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Trade Deadline: Be Careful What You Wish For

It's late January in the NBA, and a day without a major new trade rumor is like a day without sunshine. Today's rays have Amar'e Stoudemire headed to Chicago, and Ray Allen and Monta Ellis switching places.

(I particularly enjoy the rumors that suggest teams will part with twentysomething stars on the rise in return for veterans with deals that expire after this season. If you're Ray Allen, you can't want to re-sign with Golden State, this summer, am I right?)

Most of the league's title contenders are reportedly mulling deals in the hopes of putting themselves over the top. Before the Ellis rumors, Boston was reportedly inquiring about Nate Robinson. The Lakers were kicking the tires on Devin Harris and a Chris Bosh for Andrew Bynum deal. And if you believe the rumor mill, the Cavaliers are considering deals for every player in the NBA. Plus three quarters of the D-League.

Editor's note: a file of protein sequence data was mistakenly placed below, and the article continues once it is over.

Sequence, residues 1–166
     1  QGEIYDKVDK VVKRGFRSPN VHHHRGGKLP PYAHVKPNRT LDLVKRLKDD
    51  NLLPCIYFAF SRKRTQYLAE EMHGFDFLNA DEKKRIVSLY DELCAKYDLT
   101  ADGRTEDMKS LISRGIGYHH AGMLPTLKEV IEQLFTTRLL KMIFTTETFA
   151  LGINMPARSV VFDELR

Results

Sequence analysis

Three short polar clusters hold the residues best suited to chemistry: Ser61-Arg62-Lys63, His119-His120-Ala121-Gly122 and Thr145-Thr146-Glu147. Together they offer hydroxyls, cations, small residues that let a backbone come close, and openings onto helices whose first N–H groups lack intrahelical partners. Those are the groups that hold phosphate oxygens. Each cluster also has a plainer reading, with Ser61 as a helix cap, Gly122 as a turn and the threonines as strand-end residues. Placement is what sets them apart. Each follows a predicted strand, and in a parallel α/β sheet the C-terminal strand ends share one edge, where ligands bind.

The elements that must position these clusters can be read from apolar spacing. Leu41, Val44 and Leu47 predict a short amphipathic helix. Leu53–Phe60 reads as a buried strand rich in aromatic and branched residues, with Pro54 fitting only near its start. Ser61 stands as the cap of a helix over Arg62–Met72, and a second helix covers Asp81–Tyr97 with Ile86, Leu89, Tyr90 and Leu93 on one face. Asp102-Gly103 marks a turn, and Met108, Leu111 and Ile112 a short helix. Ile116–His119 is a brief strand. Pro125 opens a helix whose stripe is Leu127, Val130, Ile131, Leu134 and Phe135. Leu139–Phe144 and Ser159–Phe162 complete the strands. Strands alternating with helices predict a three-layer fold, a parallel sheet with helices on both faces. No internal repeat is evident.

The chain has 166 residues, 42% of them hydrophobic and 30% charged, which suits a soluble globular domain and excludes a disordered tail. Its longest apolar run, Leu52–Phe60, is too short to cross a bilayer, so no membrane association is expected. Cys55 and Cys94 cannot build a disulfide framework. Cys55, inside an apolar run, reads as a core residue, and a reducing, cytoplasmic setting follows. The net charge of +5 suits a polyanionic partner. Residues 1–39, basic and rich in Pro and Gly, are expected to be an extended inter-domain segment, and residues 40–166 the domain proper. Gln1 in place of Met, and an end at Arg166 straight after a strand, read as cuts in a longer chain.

The Magic have been noticeably quiet. There might be a very good reason for that: Orlando's last big deal hasn't exactly worked out all that well. Vince Carter is in the midst of his worst season as a pro, is regularly being outplayed by J.J. Redick, and the team is in danger of losing the top spot in the Southeast to Atlanta.

For NBA teams, major personnel moves always have a potential down side -- until you've seen the players on the floor together, you can't know for sure whether or not they'll fit. Look at some of the biggest moves of last summer; Ron Artest isn't playing in crunch time, Andre Miller's biggest highlight of the season was a 30-minute shouting match with Nate McMillan, Hedo Turkoglu is complaining about his role, Richard Jefferson has struggled, and Carter has been awful. Meanwhile, the move that was panned almost universally -- the acquisition of Zach Randolph by the Memphis Grizzlies -- has been a huge hit.

Even players that work out well -- Miller, for example, has been a big positive for the Blazers in recent weeks, take a little time to gel with teammates and learn new systems.

And that's the biggest reason NBA GMs -- and fantasy owners -- should be wary of deadline deals.

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